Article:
Dollar Store Dining
Inspired by an article that ran in the food section of the New York Times a few months ago (â€ś5 Cooks, $40, 5 Dishes, 3 Dessertsâ€ť, 3/26/2008), YUM set out to find a restaurant with a chef game enough to compose a four course meal with food found solely at one of the city's many dollar stores. Always up for a challenge, chefs, owners (and incidentally, brothers), JJ and Kevin Richert of Torches Restaurant rose to the task. Armed with a mere $25 and a very small â€śpantryâ€ť consisting of salt, pepper, cooking oil, butter, lemon and garlic, this was a challenge that required creativity and resourcefulness...as well as a brave taste tester.
Enter Adam Fix, college student, Buffalo Rising contributor, and all around good guy. Those of you that don't frequent dollar stores may be surprised by what can be found there. Among the aisles of batteries, plastic dishes, craft supplies and lotions are small packages of basic pantry goods, a plethora of candy and other snacks and, in some cases, a refrigerated area offering up a modest selection of anything you might expect to find at a discount supermarket.
We chose the Dollar Tree location in the strip mall on Great Arrow and Delaware Avenue. It's a small store, but the Richert boys were able to rustle up enough goods to make up a meal.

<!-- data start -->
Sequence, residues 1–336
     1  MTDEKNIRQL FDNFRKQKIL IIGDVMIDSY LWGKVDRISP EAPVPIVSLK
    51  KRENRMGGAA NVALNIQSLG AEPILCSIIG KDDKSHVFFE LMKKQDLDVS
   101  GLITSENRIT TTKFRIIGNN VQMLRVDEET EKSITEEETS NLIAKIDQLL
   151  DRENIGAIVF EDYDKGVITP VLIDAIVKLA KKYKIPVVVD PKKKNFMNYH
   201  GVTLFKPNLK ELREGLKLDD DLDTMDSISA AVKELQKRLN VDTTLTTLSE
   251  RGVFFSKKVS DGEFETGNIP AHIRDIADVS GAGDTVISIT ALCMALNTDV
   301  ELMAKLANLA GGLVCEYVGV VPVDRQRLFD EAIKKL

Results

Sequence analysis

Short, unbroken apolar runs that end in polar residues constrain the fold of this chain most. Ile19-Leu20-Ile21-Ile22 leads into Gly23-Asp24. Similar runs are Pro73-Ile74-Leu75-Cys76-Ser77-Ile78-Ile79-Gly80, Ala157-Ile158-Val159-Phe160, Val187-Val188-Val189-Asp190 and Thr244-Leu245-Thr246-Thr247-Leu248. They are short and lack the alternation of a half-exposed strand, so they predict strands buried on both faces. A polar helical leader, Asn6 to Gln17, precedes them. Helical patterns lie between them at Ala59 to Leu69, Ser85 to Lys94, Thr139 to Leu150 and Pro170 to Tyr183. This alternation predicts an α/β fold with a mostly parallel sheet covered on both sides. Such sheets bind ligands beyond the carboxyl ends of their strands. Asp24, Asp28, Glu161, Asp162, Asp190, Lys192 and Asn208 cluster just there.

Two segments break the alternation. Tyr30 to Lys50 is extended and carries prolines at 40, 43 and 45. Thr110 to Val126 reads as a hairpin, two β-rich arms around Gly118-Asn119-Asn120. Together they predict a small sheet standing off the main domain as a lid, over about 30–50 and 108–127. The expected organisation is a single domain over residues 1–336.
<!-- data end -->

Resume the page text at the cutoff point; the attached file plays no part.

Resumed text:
First Course: $6
The first course consisted of a cold green bean salad tossed in a light dressing made of thinned sour cream, marmalade and lemon zest. Grilled beet and potato slices accompanied it, drizzled with balsamic vinegar and a beet reduction.
This was a nice dish, though the beans, having been frozen, were admittedly water-logged. Taste tester Adam felt that the dressing was good, the acid from the lemon cutting through the sweetness imparted by the marmalade. All in all a dish, that with some tweaking and the upgrade of fresh green beans, is a good one. Chef Kevin recommends marinating canned whole potatoes in Buffaloâ€™s own Chiavetta's sauce, and cooking them, skewered, on the grill. They're a budget conscious item that has proven to be a big hit at their home cookouts.
Second Course: $3
The second course was the clear winner. We've all had our share of ramen noodles, and Adam, being a college student, isn't too far removed from his noodle experiences to appreciate the transformation crafted by the Richerts. I've never seen ramen quite like this before, Chef JJ showed me the light plastic package, which could also be used as a cooking vessel in the microwave. Inside lay the ramen noodles, a fork, a foil seasoning package marked â€śCHICKENâ€ť, and two clear packages, one containing dried scallions and peas and another holding a combination of sesame oil and soy sauce.